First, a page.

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July 21, 2000

Recent report Shows That Low Prices Have Not Brought About a Reduction in Planted Acres

Supply response to lower crop prices is getting us nowhere. The theory—and one of the assumptions behind the 1996 Farm Bill— is that a drop in major crop prices will cause producers to do two things: plant fewer acres and cut back on input-use per acre. With less acreage and lower yields, output is curtailed and prices recover. Sounds logical. Let’s look at the data.

Let us begin with the question, “How have farmers responded to lower crop prices with their planters?” According to USDA’s latest acreage report, planted acres are up for each of the four major crops—corn, soybeans, wheat and cotton. Corn planted acreage is projected to increase 2.8%, soybeans 1%, wheat 0.2% and cotton 4.6%. Planted acreage for the four crops totals 3.68 million acres more than last year’s 228.87 million acres.

This 1.6% increase in planted acreage is occurring even though prices of the four crops have declined substantially. The season average price for each of the crops has declined each year since 1996 reaching 35 to 42 percent below the 1996 levels in 2000.

When aggregate price and acreage indices of the four crops are plotted as a graph (Figure 1) the data is striking. The graph shows that even though an index of the season average prices for the four major crops has declined by 39 percent, total acreage for the same crops has remained virtually unchanged—actually increasing by about 1 million acres from 1996 to 2000.

figure 1

Figure 1. Composite Index of Acreage and Price for Corn, Soybeans, Cotton and Wheat

So what does all this mean?

One cannot simply conclude from these data that the total of major crop acreages does not respond to price. It probably does. No doubt there are acres somewhere out there that are not in production today because of the drop in crop prices over the years. But what we can say with certainty is that farmers change total crop acreage very, very little in response to general reductions in crop prices.

It is also true that general weather conditions, soil conditions at planting time and other factors overwhelm the influence of price in determining how many total acres are planted.

What about yields? Two economic factors should/could be at work to reduce yields this year. The first is the one mentioned earlier—farmers could reduce the use of fertilizer or other inputs in response to lower crop prices and therefore reduce yields. Another yield reducing factor for say, corn and cotton, could be from planting additional acres of less productive, lower yielding land. Let’s look at the data.

Crop year 2000 yields for corn, cotton, and soybeans are expected to significantly exceed last year’s yields according to USDA’s World Agricultural Supply and Demand Estimates issued July 12th. Soybean’s projected 2000 yield is 40 bushels per acre compared with 37 in 1999; corn 137 and 134 respectively; and cotton 635 pounds per acre compared with 607 in 1999. Wheat yield is expected to be down by 1.5 bushels per acre in 2000 compared to 1999.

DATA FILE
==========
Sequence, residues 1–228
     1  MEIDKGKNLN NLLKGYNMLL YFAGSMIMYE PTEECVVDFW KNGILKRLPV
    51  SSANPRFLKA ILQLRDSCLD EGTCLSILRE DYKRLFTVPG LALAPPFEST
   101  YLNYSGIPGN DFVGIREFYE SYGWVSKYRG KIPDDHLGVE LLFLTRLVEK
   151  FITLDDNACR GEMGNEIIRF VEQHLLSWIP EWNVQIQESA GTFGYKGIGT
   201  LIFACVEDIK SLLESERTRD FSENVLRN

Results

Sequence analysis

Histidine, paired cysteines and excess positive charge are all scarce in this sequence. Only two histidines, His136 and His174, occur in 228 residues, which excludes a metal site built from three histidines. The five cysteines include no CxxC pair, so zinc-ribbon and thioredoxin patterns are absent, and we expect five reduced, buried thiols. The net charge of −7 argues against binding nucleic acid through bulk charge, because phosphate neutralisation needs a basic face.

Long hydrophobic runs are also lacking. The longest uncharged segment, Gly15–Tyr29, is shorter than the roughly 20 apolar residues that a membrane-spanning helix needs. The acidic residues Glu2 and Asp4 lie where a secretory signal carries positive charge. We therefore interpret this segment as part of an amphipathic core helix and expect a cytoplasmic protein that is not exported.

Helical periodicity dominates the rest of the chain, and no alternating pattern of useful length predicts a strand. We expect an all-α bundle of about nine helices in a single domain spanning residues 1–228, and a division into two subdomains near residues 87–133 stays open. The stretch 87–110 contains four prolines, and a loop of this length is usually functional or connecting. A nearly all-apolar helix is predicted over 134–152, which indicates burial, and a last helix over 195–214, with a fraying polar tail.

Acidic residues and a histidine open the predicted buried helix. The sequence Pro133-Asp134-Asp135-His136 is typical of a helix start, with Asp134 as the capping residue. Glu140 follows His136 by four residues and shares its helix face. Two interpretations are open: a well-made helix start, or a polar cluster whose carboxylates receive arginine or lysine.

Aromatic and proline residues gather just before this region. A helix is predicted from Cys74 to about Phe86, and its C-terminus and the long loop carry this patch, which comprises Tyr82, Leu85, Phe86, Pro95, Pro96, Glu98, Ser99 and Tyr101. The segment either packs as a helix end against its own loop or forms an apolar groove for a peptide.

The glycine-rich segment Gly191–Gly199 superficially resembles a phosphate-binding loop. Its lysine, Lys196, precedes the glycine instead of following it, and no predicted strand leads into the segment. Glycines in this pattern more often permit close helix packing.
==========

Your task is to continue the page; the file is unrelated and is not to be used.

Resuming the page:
Not surprisingly, weather is all-important in determining yields. Everything else, including crop prices, is secondary. Weather conditions this year allowed early planting of corn and soybeans in many areas of the country. It also allowed crops to be planted, period, in the Dakotas and other areas. But, of course, it’s weather during the growing season that counts the most.

I visited relatives in central Iowa after the 4th of July. I cannot remember seeing better-looking corn in the 40 something years that I have paid attention to such things. Remember that ‘remember’ is a key word here.

Despite seriously dry conditions in May, fields are, at the present time, dark green and even, no drown outs, and pollination conditions are ideal. From what I can understand, corn and, for the most part soybeans, are doing nearly as well over most parts of the Midwest, except that drown-outs are at usual or above average levels in many areas. If that is true, even though there are dry areas in our part of the country, we could easily see our first post-140 bushel per acre national corn yield.

One thing is for sure—supply response to lower crop prices is getting us nowhere.

We will return to our discussion on grain exports next week.

Daryll E. Ray holds the Blasingame Chair of Excellence in Agricultural Policy, Institute of Agriculture, University of Tennessee, and is the Director of the UT’s Agricultural Policy Analysis Center. (865) 974-7407; Fax: (865) 974-7298; E-mail: dray@utk.edu: Web Address: http://agpolicy.org.

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